Harrisburg has had doctors to care for anyone in need of the service. The first one known is Dr. Hodgson, living on a large plantation known as Rose Glen. Sometime in the 1880 to 1890. Dr. Fred Cates lived at Harrisburg. Next came Dr. John Elder 1890-1903. Dr. Elder was from Jefferson County, a graduate of East Tenn. Medical College, class of 1898-1899. He traveled horseback to out places as Dutch Settlement, Green Brier, Gatlinburg, Boggertown and North of the River. Dr. Huffaker came here about 1901. Other people of talent at Harrisburg were Mr. & Mrs. Steve Hines owners of the mill, In 1900 they sponsored a private school for the children two sessions (1901). The teacher was Miss Alice Deaderick from Knoxville.

Down stream, one mile on Little East Fork a one room school was built in 1897. It was a public school and children and grown-up boys and girls attended from a radius of more than one mile. The school house known as Long Spring stands today as a symbol of its former usefulness.

The Harrisburg bridge still spans Little East Fork. Those crossing the bridge will do well to read a sign Load Limit.

In recent years heavy trucks loaded with rock, coal and grain dared to cross the covered bridge. A pier was erected under the bridge. This has helped to strengthen it. Some used the bridge as sport in that rocks were thrown against the weather boarding. This was a great damage. The bridge was repaired; the carpenters replaced the weaker boarding and small windows were made. This was not the original plan. The original bridge had no windows.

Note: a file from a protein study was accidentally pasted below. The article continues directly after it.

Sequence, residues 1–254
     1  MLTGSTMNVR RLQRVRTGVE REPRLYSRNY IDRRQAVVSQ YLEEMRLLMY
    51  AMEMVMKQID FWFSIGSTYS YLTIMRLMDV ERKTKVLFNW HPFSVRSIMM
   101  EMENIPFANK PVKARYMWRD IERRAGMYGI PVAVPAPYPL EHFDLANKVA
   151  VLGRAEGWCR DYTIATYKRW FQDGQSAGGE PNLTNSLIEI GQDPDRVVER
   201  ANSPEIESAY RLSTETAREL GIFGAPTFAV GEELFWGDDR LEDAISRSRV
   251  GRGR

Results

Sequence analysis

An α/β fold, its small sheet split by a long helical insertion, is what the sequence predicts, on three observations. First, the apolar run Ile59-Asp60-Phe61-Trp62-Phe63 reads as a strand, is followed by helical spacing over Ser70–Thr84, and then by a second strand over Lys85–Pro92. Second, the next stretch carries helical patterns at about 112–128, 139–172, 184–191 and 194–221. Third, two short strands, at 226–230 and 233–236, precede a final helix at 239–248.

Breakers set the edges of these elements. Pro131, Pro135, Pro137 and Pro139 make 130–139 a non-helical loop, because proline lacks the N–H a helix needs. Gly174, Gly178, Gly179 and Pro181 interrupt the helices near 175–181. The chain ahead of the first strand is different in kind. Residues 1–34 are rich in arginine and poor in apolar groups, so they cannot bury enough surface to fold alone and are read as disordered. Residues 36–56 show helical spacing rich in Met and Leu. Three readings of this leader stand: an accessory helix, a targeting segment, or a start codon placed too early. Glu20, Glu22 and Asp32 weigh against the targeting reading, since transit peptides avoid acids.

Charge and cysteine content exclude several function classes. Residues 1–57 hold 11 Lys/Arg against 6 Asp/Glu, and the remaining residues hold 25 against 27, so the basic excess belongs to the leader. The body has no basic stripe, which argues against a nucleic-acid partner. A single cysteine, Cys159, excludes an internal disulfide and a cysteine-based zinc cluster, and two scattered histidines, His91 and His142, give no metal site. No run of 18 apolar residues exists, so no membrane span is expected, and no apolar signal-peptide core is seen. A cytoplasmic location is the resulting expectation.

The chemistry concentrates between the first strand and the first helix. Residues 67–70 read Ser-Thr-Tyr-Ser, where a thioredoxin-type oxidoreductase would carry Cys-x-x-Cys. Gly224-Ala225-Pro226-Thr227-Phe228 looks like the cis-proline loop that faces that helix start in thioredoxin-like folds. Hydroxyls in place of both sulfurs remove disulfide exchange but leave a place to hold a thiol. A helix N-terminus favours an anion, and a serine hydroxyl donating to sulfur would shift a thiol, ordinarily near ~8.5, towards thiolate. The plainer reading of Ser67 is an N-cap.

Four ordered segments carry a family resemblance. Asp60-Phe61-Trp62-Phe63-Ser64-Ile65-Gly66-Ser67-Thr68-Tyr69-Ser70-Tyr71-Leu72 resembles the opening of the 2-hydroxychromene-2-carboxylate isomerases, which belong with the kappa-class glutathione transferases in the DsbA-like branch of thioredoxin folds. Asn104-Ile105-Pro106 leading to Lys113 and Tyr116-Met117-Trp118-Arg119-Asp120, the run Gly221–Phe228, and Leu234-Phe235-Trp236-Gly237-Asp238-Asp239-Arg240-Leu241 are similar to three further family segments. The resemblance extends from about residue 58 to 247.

Time has made great change. Part of the plantation remained as the property of the Umbarger family for over one hundred years. Graves in Murphy Chapel cemetery are the resting place of Earlys and Umbarger families. The bridge stands today as a memorial to their industry.

Grave of Elbert Early builder of the bridge may be Newport, Tenn.

Sevier County officials built a two-room school building less than one hundred yards of the bridge. Presently it is used in the Head Start Program.

Special recognition is given to a young doctor who came to the community (1908?). Namely, Dr. John Ogle. It was here that he won a beautiful young lady for his wife. They moved elsewhere and his brother, Dr. Ashley Ogle came. The Dr. Ogles were greatly appreciated for their ability to care for those in need of medical attention. They were friends of the people.

No one is more important than the farmers. Their good citizenship is demonstrated by the children they brought up to become useful men and women.

Mr. and. Mrs. Bill Maner came to Harrisburg in the early nineteen hundreds (1911). They are the parents of Charles Maner, a Knoxville lawyer. While living here, Charles walked five miles to Sevier County High School. His father was employed by Mr. D. S. Umbarger.

The women were very special in that they had many duties as home-makers, such as cooking good meals for the family, sewing, gardening canning fruits and vegetables, help with milking cows, and churning butter. There was no complaining about preparing the very best meals at harvest and thrashing wheat time. They did their very best with as much concern as if it were a grand social event, which it was.

Up stream from the bridge of Little East Fork less than one mile is a natural formation known as "The Arch Rock." The name describes it. Eons of time required its formation. One wonders how! The children and young adults usually made one or more trips to this place each summer. This place must have been a camping place for early travelers. Arch Rock play have been a focal point in early land grants. There is some evidence of these possibilities. It was a Mecca for the children.

Mary Elder [Author?]